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Yellow Pea Protein and Fibre and Short Term Food Intake

This study has been completed.
Sponsor:
ClinicalTrials.gov Identifier:
NCT01255085
First Posted: December 7, 2010
Last Update Posted: June 15, 2012
The safety and scientific validity of this study is the responsibility of the study sponsor and investigators. Listing a study does not mean it has been evaluated by the U.S. Federal Government. Read our disclaimer for details.
Collaborator:
Agriculture and Agri-Food Canada
Information provided by (Responsible Party):
G. Harvey Anderson, University of Toronto
  Purpose
It is hypothesized that yellow pea protein and fiber will reduce short-term food intake, subjective appetite and glycemic response.

Condition Intervention
Obesity Type II Diabetes Mellitus Metabolic Syndrome Dietary Supplement: yellow pea protein Dietary Supplement: yellow pea fiber Dietary Supplement: Control Tomato Soup

Study Type: Interventional
Study Design: Allocation: Randomized
Intervention Model: Single Group Assignment
Masking: Single (Participant)
Primary Purpose: Prevention
Official Title: The Effect of Yellow Pea Protein and Fiber on Short Term Food Intake, Subjective Appetite and Glycemic Response in Healthy Young Males

Resource links provided by NLM:


Further study details as provided by G. Harvey Anderson, University of Toronto:

Primary Outcome Measures:
  • Energy Intake [ Time Frame: at 30 minutes after treatment ]
    Energy intake at an ad libitum pizza meal


Secondary Outcome Measures:
  • Glycemic Response [ Time Frame: 0-170 minutes post treatment ]
    Blood Glucose every 15-30 minutes via finger prick

  • Subjective Appetite [ Time Frame: 0-170 minutes post treatment ]
    Subjective Appetite measured every 15-30 minutes via Visual Analog Scale (VAS)


Enrollment: 20
Study Start Date: May 2008
Study Completion Date: June 2011
Primary Completion Date: August 2010 (Final data collection date for primary outcome measure)
Arms Assigned Interventions
Experimental: 10 g of yellow pea fiber Dietary Supplement: yellow pea fiber
Served in a tomato soup
Experimental: 20 g of yellow pea fiber Dietary Supplement: yellow pea fiber
Served in a tomato soup
Experimental: 10 g of yellow pea protein Dietary Supplement: yellow pea protein
Served in a tomato soup
Experimental: 20 g of yellow pea protein Dietary Supplement: yellow pea protein
Served in a tomato soup
Experimental: Control Tomato Soup Dietary Supplement: Control Tomato Soup
Served in a tomato soup

Detailed Description:
A within-subject, randomized study was conducted. Each subject returned 5 times, 1 week apart, and received 1 of the 5 treatments per week. The 5 treatments were tomato soup with 10 or 20 g of isolated yellow pea fibre or protein, or a control soup with no added pea fractions. Food intake was measured at an ad libitum pizza meal served 30 minutes after treatment. Satiety and blood glucose (via finger prick) were measured throughout the treatment period.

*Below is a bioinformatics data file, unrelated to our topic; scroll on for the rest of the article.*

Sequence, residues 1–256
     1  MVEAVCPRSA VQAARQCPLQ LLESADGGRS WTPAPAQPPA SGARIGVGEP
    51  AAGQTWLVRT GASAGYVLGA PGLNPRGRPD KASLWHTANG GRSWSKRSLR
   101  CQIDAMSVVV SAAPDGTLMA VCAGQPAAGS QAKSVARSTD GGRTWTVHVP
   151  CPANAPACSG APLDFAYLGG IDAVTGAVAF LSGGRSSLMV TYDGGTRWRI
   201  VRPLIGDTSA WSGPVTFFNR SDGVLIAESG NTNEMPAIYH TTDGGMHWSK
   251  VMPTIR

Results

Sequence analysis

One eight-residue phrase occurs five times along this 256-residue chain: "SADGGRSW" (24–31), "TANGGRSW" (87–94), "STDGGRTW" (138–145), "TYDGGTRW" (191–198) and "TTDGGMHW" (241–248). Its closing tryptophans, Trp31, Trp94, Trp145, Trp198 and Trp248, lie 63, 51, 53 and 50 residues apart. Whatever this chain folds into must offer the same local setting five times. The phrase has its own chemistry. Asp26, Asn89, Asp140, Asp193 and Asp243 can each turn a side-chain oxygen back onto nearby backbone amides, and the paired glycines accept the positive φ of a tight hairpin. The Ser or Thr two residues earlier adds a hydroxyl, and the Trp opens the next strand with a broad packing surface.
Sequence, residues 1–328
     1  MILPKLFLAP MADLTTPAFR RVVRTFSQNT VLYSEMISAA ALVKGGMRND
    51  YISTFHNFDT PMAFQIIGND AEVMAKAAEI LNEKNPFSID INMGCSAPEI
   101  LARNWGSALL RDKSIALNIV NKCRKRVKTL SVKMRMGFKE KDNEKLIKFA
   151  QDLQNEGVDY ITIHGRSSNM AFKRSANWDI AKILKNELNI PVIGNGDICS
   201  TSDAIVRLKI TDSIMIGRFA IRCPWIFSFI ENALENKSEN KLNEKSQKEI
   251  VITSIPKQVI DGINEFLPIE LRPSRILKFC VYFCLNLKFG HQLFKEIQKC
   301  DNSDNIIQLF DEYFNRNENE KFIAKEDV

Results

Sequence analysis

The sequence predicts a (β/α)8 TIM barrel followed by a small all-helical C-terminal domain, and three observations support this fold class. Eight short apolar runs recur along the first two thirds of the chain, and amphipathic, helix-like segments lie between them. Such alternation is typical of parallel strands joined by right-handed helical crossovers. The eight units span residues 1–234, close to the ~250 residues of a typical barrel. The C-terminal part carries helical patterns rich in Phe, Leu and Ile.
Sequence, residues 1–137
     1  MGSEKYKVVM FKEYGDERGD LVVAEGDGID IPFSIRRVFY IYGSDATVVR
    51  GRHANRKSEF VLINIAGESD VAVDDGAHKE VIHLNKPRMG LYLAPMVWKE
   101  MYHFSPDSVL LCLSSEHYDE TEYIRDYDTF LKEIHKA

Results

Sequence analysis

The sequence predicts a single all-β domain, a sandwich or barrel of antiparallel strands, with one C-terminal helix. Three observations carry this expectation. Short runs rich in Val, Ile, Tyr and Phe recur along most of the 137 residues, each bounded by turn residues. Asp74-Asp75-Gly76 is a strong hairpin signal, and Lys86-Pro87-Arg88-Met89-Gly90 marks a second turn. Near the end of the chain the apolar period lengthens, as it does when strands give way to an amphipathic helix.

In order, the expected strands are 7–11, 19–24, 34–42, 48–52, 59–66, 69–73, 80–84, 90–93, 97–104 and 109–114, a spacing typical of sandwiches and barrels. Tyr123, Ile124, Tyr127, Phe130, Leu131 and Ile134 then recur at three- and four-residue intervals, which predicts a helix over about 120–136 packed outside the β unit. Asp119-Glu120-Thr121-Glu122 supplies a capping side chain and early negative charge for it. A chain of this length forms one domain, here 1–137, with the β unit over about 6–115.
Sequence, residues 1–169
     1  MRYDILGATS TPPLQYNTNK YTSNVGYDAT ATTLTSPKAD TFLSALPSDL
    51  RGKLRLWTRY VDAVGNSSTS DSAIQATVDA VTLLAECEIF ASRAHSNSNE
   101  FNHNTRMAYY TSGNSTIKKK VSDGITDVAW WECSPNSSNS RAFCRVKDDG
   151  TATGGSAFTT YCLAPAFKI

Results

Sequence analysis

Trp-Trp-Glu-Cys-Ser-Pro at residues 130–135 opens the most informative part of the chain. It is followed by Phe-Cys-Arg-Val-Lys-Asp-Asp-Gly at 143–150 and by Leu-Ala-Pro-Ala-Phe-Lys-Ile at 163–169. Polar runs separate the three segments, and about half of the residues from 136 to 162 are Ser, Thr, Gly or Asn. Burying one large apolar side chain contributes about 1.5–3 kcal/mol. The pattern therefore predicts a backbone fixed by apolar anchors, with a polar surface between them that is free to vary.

Eligibility

Information from the National Library of Medicine

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Ages Eligible for Study:   20 Years to 29 Years   (Adult)
Sexes Eligible for Study:   Male
Accepts Healthy Volunteers:   Yes
Criteria

Inclusion Criteria:

  • male 20-30 years old healthy weight

Exclusion Criteria:

  • smoking restrictive eating metabolic diseases breakfast skippers dieters
  Contacts and Locations
Information from the National Library of Medicine

To learn more about this study, you or your doctor may contact the study research staff using the contact information provided by the sponsor.

Please refer to this study by its ClinicalTrials.gov identifier (NCT number): NCT01255085


Locations
Canada, Ontario
University of Toronto - Department of Nutritional Sciences
Toronto, Ontario, Canada, M5S 3E2
Sponsors and Collaborators
University of Toronto
Agriculture and Agri-Food Canada
  More Information

Responsible Party: G. Harvey Anderson, Professor, University of Toronto
ClinicalTrials.gov Identifier: NCT01255085     History of Changes
Other Study ID Numbers: PureNet_22627
First Submitted: December 3, 2010
First Posted: December 7, 2010
Last Update Posted: June 15, 2012
Last Verified: June 2012

Keywords provided by G. Harvey Anderson, University of Toronto:
Obesity
Food intake regulation
blood glucose regulation
protein
fiber
pulses
yellow peas

Additional relevant MeSH terms:
Diabetes Mellitus
Metabolic Syndrome X
Diabetes Mellitus, Type 2
Glucose Metabolism Disorders
Metabolic Diseases
Endocrine System Diseases
Insulin Resistance
Hyperinsulinism